Darrel Johansen email (remove spam text)
Paul B. Webster wrote:
>I propose that the FORTH community is in fact expanding, it's just a
>rather specialist group interested in efficiency, style and real-time
>operations in a certain area. Funnily enough, a lot of it is still in
>the traditional home area of robotics, astronomy and process control.
>You no more use FORTH to program a PIC toaster than you do Java, "C++"
>or VB (;-) and PICs are really *not* made for native FORTH at all, so it
>is not surprising that it features little on this list. You can use a
>FORTH system to cross-compile though, just like PICBASIC.
You are preaching to the converted. I know that it's still a very
powerful and useful language. It just doesn't seem to be spreading. The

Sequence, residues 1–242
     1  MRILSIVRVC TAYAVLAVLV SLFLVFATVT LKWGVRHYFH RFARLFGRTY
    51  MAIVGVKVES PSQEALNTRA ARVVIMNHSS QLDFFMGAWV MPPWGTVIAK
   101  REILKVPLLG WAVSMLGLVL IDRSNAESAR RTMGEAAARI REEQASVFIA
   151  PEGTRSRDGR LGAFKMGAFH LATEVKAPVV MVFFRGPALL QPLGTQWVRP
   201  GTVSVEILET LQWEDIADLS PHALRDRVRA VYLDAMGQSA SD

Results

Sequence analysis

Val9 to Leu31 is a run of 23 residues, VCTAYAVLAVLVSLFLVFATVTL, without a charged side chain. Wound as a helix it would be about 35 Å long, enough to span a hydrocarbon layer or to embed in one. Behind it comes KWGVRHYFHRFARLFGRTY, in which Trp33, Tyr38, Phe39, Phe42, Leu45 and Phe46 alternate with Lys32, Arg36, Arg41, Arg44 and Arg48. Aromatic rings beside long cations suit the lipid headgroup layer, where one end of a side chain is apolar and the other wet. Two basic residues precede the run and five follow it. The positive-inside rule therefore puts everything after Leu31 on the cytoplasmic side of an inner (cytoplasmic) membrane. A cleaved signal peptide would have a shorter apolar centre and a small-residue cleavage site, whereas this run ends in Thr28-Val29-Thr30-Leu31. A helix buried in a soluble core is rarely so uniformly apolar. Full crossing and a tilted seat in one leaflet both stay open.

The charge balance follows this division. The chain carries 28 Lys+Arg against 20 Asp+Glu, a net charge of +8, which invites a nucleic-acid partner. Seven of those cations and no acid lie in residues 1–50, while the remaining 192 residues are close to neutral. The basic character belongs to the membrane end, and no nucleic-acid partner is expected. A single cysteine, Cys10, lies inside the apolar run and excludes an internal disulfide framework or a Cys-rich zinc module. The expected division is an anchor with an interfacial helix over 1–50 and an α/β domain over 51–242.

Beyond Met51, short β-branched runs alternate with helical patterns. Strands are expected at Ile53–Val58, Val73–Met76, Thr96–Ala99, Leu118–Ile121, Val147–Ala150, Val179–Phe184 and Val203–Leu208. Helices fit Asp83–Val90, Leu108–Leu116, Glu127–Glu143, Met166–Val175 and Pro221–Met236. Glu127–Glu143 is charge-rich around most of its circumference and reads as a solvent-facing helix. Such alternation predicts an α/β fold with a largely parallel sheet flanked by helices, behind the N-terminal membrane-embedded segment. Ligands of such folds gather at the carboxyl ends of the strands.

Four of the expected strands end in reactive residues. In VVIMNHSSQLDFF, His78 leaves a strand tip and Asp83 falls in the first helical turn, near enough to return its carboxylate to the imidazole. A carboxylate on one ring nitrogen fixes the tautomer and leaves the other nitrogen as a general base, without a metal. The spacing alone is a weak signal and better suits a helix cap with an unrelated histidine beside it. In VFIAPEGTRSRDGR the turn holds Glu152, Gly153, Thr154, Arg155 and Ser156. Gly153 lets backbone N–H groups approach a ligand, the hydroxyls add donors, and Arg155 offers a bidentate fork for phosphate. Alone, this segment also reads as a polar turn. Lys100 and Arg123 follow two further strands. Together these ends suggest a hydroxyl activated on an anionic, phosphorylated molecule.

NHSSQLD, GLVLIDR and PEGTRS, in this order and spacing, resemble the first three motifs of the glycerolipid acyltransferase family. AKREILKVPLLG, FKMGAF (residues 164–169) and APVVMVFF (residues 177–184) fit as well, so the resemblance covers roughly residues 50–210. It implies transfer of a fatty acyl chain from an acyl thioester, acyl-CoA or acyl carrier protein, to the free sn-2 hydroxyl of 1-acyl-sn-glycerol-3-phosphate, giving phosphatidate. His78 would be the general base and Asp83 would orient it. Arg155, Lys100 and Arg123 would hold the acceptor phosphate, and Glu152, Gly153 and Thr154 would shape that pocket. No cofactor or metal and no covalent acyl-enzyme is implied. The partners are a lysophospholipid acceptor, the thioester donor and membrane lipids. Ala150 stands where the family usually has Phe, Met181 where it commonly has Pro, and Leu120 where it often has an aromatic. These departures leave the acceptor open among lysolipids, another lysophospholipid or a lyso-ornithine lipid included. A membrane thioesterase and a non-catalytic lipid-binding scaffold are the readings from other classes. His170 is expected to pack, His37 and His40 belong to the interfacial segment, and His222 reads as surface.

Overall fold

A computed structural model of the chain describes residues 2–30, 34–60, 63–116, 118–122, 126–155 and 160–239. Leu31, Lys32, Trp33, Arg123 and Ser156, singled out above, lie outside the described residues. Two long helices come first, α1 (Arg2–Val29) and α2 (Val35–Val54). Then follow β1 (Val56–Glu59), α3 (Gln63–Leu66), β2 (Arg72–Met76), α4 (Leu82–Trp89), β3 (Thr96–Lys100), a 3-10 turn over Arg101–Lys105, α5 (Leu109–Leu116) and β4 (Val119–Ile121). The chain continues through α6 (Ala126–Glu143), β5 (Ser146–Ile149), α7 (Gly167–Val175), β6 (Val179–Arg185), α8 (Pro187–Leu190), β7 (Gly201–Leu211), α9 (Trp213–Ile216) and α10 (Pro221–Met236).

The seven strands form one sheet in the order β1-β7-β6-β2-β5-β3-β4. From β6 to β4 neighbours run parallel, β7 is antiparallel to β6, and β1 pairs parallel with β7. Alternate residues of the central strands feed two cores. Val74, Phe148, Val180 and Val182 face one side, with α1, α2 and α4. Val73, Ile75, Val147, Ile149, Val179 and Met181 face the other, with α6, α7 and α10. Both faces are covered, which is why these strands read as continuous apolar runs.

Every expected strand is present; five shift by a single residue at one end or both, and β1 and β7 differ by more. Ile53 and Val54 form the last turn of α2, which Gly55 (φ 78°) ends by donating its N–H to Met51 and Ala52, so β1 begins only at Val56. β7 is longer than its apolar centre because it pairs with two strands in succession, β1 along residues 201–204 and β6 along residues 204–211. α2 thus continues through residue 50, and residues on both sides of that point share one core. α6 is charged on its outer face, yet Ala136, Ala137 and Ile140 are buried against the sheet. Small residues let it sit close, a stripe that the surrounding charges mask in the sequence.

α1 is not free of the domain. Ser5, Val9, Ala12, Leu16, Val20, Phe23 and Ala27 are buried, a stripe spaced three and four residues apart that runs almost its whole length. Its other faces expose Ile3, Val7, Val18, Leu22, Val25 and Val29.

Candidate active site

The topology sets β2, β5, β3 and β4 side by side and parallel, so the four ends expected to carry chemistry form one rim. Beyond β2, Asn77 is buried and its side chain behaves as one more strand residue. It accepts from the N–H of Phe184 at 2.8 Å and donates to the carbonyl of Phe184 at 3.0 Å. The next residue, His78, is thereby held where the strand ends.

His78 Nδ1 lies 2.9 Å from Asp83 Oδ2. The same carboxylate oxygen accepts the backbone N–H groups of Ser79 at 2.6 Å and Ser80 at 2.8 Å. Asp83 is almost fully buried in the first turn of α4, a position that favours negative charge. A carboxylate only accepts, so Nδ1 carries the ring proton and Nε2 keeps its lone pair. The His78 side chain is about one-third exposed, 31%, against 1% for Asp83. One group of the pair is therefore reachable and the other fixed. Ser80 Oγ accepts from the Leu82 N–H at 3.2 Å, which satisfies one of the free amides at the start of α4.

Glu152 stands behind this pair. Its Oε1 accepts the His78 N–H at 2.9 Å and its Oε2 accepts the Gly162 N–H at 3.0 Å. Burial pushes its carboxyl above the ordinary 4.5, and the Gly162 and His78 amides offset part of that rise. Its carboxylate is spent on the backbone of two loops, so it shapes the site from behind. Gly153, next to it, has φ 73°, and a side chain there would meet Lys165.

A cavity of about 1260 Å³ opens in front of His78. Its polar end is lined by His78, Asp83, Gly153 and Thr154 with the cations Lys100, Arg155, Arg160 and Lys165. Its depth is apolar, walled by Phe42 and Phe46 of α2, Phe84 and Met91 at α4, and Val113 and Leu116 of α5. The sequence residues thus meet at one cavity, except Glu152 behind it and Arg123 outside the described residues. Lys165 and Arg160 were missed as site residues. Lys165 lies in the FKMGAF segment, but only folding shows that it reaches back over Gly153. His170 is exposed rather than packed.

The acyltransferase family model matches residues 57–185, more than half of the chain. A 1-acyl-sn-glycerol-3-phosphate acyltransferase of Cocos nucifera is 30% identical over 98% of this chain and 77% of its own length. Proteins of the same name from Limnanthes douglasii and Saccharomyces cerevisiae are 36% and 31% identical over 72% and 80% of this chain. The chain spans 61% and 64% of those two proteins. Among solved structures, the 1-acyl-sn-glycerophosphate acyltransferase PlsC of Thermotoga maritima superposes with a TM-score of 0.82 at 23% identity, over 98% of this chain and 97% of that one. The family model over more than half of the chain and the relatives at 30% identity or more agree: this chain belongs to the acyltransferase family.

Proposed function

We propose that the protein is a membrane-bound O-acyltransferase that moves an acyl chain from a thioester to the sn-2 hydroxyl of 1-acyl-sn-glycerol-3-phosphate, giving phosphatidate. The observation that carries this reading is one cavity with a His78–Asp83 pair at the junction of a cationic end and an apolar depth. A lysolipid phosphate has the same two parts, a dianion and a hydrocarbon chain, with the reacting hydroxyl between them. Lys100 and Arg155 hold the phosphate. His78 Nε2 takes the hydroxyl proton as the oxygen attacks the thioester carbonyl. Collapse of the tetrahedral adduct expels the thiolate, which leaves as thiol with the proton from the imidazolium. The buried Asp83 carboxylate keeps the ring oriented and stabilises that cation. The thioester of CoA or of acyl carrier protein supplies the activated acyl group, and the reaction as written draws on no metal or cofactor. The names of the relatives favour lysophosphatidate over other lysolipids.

specialist group that is using it is becoming smaller judging from many
indicators, and I wish it weren't so. It's birthplace (Kitt Peak) no
longer uses it, I've heard. It doesn't have much visibility, and what
there is seems to be growing dimmer.
Yes, cross-compilation is possible, and I've done that even on machines
that could have hosted a native Forth, but you lose many of it's
For a number of embedded systems designers, Forth is their bread and
butter. For some, it's even a secret weapon. I can count on the fingers
of one hand the number of times I've seen it referenced this year in
Embedded Systems, though. Dr. Dobbs has gone off on another direction,
and I don't recall seeing it in Circuit Cellar. Seems like that's the
most likely vehicle for carring its message to the audience most able to
appreciate its viability.
See also: www.piclist.com/techref/index.htm?key=forth+RE%5D
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